Stay tuned for Part 5!

2013 in Review (Part 3)

2013 in Review (Part 3)
Continued from Part 2.


I started out July working on Otter, but late in June I started to run into some walls that were slowing my progress. I got to the point in which I needed to figure out collision detection, and even though I had a lot of resources at my disposal I just couldn't make a dent in my task of implementing a bunch of collision types. Circles, rectangles, tile maps, lines, and points... I just couldn't figure out the math behind it for the longest time, or the best way to implement all the functionality for detecting overlapping colliders.

This was pretty frustrating, and I felt like I couldn't work on anything else until I solved these issues and finished the collision detection code. The result was that basically for the entire month of July I got close to nothing done when it came to Otter. I tried to focus on some other minor tasks which I was slowly able to complete, but I was starting to feel depressed about the whole thing which feeds into the cycle of not being able to work on stuff due to depression which makes me feel even more depressed.

I also started this month by making my hair blue though, and that was pretty cool.


July also marks the yearly trip to Las Vegas for EVO which was a lot of fun, but right after the trip I got incredibly sick for a couple days. That totally put me out of commission as far as game development work goes for about a week. Also I got big into Street Fighter 4 again after Evo and played it alot until my trip to PAX in August. Once I travel any sort of gaming obsession I have goes out the window, and then I feel too rusty to pick it back up again.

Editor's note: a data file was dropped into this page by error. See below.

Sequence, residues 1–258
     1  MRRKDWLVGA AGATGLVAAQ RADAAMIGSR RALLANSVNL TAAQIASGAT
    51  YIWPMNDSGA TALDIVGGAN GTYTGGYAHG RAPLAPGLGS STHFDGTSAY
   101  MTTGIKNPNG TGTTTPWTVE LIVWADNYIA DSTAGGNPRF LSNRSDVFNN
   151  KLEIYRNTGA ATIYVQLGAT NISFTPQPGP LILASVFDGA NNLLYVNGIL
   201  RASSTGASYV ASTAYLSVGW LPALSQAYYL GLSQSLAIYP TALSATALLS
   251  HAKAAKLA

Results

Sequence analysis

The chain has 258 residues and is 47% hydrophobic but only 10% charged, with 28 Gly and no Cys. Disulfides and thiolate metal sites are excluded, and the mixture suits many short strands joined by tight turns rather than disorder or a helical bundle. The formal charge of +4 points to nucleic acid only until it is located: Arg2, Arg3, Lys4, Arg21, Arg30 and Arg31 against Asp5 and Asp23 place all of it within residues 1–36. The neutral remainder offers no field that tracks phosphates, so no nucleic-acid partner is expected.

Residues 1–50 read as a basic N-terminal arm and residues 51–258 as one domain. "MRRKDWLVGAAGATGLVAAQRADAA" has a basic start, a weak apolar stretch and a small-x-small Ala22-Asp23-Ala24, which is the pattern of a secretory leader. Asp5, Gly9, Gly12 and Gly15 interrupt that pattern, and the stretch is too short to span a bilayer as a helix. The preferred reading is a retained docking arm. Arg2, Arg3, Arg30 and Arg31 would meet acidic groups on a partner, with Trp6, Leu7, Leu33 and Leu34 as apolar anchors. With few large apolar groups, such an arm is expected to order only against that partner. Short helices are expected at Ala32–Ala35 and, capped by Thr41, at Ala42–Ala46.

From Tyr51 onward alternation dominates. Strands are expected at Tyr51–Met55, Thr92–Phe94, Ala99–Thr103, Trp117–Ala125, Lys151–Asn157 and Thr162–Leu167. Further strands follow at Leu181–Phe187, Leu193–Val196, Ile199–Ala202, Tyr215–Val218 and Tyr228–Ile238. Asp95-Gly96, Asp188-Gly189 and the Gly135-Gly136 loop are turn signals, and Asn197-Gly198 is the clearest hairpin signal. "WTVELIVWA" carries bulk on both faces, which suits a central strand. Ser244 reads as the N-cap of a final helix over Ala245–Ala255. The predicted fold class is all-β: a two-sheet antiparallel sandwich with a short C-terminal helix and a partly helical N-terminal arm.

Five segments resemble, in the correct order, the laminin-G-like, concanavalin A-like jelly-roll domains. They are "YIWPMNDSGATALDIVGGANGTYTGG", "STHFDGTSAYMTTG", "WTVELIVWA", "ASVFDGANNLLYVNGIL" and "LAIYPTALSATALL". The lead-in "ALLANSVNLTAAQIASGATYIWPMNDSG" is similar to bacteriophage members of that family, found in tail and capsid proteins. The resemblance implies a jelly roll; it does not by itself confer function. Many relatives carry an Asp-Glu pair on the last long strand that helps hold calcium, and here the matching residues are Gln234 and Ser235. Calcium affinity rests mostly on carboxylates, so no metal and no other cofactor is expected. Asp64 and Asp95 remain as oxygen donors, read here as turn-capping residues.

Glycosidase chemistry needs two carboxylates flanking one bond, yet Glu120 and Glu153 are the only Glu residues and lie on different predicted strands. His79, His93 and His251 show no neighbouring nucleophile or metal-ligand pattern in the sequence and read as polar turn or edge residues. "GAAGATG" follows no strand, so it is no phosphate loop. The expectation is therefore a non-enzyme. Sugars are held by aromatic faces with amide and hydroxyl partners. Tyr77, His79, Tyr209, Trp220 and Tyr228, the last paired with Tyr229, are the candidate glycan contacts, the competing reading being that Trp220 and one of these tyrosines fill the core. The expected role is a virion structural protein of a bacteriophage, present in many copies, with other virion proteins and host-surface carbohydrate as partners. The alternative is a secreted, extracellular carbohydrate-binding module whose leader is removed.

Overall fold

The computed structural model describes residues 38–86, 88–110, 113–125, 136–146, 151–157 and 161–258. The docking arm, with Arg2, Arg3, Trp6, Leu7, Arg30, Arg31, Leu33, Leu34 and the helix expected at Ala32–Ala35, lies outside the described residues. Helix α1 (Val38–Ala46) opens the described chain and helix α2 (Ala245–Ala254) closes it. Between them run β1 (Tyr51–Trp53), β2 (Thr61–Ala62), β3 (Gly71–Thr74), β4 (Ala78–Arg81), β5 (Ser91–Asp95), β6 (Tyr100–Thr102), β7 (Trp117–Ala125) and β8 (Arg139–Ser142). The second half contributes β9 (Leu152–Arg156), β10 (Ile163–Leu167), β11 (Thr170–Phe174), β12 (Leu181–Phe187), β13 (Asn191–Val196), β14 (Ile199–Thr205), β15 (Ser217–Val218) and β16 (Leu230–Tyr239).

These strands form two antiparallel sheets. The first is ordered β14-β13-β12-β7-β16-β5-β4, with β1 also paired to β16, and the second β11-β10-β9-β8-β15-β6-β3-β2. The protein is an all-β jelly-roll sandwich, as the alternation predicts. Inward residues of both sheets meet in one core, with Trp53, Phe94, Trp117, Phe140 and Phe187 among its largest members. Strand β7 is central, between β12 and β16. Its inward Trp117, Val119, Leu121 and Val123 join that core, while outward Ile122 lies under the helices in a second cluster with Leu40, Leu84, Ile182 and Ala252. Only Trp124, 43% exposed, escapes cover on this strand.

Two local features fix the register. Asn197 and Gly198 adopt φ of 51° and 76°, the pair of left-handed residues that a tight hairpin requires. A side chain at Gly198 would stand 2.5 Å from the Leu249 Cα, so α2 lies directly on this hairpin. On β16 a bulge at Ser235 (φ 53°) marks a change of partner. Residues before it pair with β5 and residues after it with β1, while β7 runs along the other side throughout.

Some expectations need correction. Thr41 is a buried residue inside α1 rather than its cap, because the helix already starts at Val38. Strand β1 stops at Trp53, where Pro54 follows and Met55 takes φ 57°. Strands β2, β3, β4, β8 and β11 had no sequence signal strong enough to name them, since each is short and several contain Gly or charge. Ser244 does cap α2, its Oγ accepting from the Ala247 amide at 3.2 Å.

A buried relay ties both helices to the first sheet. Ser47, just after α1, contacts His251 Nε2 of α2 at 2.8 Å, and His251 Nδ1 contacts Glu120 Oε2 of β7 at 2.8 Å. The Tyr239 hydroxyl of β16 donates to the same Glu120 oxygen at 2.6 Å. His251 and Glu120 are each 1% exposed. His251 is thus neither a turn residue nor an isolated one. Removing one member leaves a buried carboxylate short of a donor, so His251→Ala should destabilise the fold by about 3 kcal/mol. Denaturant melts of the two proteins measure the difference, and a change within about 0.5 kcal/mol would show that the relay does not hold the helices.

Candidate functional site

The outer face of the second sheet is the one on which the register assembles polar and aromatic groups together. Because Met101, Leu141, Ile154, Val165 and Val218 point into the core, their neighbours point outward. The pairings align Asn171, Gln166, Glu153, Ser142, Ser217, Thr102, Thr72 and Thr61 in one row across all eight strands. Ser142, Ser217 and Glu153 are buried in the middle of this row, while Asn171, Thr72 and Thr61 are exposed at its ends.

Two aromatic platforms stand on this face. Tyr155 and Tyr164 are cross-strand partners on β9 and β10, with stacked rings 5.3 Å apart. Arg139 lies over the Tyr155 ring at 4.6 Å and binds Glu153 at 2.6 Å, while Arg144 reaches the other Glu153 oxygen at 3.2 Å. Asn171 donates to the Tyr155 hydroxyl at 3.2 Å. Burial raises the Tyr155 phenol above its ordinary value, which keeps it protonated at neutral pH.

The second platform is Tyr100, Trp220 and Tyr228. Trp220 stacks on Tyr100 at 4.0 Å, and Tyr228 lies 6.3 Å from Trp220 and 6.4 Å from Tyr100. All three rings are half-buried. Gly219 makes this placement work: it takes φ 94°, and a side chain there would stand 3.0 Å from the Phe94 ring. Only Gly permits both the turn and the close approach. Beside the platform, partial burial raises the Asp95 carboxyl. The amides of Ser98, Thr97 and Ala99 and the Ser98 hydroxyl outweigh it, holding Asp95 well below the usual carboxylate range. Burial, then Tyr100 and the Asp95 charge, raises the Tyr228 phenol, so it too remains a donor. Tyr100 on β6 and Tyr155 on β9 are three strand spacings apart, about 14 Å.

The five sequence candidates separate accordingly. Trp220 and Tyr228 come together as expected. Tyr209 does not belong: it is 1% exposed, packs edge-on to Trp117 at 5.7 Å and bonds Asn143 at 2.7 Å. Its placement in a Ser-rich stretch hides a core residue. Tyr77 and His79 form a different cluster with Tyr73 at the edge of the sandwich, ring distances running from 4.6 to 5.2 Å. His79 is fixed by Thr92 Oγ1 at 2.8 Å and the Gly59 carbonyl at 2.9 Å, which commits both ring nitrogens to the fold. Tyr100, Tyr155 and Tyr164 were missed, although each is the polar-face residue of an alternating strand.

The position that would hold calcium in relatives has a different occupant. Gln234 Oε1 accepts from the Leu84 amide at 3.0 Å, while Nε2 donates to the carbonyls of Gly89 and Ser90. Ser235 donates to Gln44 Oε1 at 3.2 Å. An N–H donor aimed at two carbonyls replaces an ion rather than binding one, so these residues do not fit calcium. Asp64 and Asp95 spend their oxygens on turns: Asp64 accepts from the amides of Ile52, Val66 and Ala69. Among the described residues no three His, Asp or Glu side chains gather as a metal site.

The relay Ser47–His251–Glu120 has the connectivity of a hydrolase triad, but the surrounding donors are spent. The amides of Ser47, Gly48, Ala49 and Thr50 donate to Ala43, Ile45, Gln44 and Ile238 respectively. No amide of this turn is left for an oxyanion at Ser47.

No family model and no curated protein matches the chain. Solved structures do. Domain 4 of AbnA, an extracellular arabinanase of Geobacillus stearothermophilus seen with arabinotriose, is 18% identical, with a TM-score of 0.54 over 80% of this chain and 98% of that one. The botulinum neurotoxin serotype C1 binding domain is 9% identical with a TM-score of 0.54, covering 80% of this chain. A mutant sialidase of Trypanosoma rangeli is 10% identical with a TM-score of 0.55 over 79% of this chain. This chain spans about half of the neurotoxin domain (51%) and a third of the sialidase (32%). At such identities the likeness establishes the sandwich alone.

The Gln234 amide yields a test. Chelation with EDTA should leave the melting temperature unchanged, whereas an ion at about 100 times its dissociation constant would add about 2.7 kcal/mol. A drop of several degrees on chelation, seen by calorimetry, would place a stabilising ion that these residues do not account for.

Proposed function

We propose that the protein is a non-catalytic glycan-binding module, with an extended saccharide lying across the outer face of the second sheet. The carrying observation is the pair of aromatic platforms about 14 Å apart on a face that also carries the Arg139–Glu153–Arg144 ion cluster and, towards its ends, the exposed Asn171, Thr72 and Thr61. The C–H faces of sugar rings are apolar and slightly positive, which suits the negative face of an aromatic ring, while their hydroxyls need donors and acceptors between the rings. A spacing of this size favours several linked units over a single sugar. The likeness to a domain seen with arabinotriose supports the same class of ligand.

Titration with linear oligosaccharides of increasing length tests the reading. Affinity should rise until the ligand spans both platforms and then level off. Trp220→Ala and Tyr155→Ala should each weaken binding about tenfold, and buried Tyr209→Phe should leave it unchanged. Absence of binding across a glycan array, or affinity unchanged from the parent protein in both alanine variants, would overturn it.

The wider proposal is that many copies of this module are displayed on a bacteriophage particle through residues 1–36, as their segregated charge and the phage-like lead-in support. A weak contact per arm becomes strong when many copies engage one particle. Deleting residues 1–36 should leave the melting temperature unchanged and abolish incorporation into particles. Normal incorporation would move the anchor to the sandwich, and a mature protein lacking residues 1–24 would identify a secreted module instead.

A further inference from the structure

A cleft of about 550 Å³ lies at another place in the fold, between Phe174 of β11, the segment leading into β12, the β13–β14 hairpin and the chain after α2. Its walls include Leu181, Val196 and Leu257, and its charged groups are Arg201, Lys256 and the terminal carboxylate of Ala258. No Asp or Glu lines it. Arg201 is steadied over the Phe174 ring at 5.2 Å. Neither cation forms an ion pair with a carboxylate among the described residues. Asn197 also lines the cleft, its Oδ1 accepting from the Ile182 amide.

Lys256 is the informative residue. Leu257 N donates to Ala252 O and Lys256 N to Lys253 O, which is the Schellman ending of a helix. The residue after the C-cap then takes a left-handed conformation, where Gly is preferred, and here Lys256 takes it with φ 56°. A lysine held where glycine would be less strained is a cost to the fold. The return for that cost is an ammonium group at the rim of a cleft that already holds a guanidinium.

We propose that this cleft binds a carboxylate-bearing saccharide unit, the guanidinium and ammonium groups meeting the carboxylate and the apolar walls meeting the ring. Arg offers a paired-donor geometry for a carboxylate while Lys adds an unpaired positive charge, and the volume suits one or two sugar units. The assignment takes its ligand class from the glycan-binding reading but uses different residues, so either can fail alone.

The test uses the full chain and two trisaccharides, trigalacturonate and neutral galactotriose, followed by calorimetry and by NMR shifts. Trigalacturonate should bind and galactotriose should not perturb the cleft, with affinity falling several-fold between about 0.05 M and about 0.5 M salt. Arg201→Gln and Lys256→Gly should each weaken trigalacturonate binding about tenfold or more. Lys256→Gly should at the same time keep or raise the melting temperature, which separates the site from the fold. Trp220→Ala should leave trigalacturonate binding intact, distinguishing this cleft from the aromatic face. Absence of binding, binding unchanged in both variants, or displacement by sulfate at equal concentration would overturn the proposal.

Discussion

My special bonus feature footage from Indie Game: The Movie also finally came out on Steam that month, making me into a famous movie star.

This month had a lot of fun moments, but overall it felt like a pretty big bummer. I wasn't working on stuff as much as I wanted to be, and I also had some issues with anxiety and depression which makes working with my brain pretty difficult. It's tough to focus on game development tasks when some of my brain cycles are being spent on anxiety and all that kinda crap, but maybe next month will be better!


The core issues that were starting to cause anxiety and depression actually started up in May if I recall correctly. I was having some minor stomach issues which lead to some run away anxiety. It's one of those things where I get a pain in my stomach that doesn't go away for a long time, and then I start to obsess over it, and eventually I've convinced myself that I'm dying of some horrible disease, which makes everything worse until I can somehow break the cycle.

So actually in May and June is when I first started to feel anxious, and then finally in July is when it started to actually cripple my ability to work on things.

But that was then, and this is August. My productivity on Otter slowly started to increase as I was able to make some breakthroughs with the stupid collision code that I was struggling with so much.

I also somehow became a global Twitch emoticon this month as well. If you type DogFace into Twitch you'll see my face pop up. Why? Well, it's a long story involving me, FrankerZ, and Steam emoticons. I go over it in this blog post. This was a pretty weird experience, and it still is strange seeing my face pop up in Twitch chats every once in awhile.